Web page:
When many people think “single parent” they automatically think of the single mom. While single moms do make up the majority of single parents, single dads are on the rise.
According to research published in 2013 and released by the Pew Research Social & Demographic Trends in the article “The Rise of Single Fathers” minor children living in a home headed by a single dad has increased about nine-fold since the 1960s. In 2011 the number was 2.6 million minor children living with dad.
The number of children living in single parent households has been on the increase since the seventies when divorce rates began to skyrocket in our country and around the world. Men are now beginning to pick up the slack in raising minor children. It is estimated that almost one-quarter, or 24%, of single parent homes are now a single dad home.
Within the Christian realm, single dads will continue to bring their children to church. For the most part my experience has been that single dads are
- More likely to get their children to church events on time
- More likely to have children that attend consistently
- More likely themselves to be involved in children’s activities at church such as sponsors or helpers
- Many times likely to scholarship children from other single parent homes for camp or church events where there is a cost involved
- More likely to be matter of fact about religion and explaining denominational beliefs and the plan of salvation to their children
I’ve also noticed few churches provide activities and events for single dads or include single dads in church wide activities. Many churches make it hard for a single dad to stay involved at church. Some churches make it difficult, if not impossible, for a single dad to serve in any ministry within the church.
Pew research goes onto state
- Single dads are typically less educated than married counterparts
- They are likely to be young
- For the most part single dad households are better off financially
- Single dads are more likely to be involved in co-habitation
What does this mean for your church?
Take time to think through what your church provides for a single dad. Ask yourself these questions
Do I know which children in our children’s area live with a single dad all of the time or half shared time with a single mom?
What activities is our church providing for a single dad?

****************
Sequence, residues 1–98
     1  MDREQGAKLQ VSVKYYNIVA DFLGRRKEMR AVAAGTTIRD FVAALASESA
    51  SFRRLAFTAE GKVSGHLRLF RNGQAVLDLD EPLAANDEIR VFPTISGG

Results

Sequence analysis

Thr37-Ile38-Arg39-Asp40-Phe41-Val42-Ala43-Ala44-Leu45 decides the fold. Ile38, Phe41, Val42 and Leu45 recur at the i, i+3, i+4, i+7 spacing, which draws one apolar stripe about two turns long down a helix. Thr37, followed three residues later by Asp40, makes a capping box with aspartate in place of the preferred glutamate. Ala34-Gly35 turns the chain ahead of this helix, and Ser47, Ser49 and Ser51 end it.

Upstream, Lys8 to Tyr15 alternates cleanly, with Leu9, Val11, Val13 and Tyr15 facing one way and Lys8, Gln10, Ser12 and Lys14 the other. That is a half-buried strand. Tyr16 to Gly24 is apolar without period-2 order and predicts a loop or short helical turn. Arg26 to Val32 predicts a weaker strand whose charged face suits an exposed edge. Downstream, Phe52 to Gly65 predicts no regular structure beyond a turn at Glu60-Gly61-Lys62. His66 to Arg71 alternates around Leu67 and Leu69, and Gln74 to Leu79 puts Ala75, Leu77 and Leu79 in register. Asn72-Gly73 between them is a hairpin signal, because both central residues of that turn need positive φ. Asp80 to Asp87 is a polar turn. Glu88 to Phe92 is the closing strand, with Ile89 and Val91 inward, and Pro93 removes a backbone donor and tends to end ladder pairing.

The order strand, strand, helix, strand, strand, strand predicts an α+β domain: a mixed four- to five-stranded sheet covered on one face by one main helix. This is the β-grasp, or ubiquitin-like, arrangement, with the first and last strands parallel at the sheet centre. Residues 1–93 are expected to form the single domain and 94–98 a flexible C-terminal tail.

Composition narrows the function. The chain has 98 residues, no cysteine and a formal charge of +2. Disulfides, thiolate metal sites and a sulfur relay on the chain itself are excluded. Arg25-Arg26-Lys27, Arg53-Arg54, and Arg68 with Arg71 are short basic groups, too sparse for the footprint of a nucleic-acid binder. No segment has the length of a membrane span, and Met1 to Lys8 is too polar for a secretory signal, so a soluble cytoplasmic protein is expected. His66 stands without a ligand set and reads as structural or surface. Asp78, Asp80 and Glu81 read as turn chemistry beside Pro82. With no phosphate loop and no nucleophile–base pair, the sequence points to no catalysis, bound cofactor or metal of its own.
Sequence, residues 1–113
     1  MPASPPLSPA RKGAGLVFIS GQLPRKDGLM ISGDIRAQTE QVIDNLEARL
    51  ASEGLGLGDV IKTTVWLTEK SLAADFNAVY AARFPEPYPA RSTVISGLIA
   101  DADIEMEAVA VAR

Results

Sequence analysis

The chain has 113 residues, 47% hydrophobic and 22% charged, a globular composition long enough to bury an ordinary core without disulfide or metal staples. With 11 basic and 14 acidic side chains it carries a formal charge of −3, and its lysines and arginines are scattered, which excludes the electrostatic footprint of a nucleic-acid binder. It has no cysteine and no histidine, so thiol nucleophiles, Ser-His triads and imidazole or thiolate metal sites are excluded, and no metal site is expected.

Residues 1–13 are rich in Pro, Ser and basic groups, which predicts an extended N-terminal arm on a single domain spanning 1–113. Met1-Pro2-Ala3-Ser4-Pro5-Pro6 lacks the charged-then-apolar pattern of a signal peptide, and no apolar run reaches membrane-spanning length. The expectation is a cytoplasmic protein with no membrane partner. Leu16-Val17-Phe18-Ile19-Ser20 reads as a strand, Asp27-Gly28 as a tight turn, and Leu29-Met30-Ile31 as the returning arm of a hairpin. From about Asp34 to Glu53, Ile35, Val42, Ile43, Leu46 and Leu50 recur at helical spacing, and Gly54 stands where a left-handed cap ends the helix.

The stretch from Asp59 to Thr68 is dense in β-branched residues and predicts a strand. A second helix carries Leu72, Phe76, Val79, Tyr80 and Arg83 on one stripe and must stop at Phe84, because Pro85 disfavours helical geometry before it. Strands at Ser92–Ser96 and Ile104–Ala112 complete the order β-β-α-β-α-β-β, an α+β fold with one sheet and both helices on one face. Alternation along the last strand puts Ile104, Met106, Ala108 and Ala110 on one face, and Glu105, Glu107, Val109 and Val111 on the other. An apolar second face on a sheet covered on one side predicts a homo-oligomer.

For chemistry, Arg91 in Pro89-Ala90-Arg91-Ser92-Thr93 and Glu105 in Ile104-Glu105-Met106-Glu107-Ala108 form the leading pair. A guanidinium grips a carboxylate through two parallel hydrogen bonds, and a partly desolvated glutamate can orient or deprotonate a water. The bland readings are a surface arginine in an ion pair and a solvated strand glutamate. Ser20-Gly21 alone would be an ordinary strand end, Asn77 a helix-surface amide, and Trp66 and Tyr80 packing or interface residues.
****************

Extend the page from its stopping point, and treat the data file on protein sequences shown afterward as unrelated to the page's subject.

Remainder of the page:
Do we provide childcare for men only events? Remember single dads who have children have no one to leave the children with at home.
Do we have older married family men who can mentor younger single dads?
If the single dad has a daughter, is there a Christian lady who could mentor the daughter, take her shopping for female items?
How do we encourage a single dad to be active in church family?
What ministries are available for a single dad who wants to serve?
Do we encourage kids in single dad homes or do we make it hard for them to feel like part of our children and youth ministries.
One single dad I interviewed for this article said he doesn’t blame the church because he hesitates to get himself involved. He said, “Many single dads do it to themselves by not participating. I mean look at our single parent class on Sunday. I’m the only single dad in that class.”
Some single dads get lumped in with the college singles or the career singles. They have a different agenda in that they are raising children. If they are older and have teens, they do not feel comfortable in singles groups.
Classes such as DivorceCare help and are a start to get single divorced dads involved in attending church. Single & Parenting will help a single dad learn how to parent alone. DC4K, DivorceCare for Kids, will help dads get help for their children.
What is your church doing to encourage single dads and the children who live with their single father?
This article is updated and adapted from an article originally published on the Kids & Divorce blog on August 14, 2103.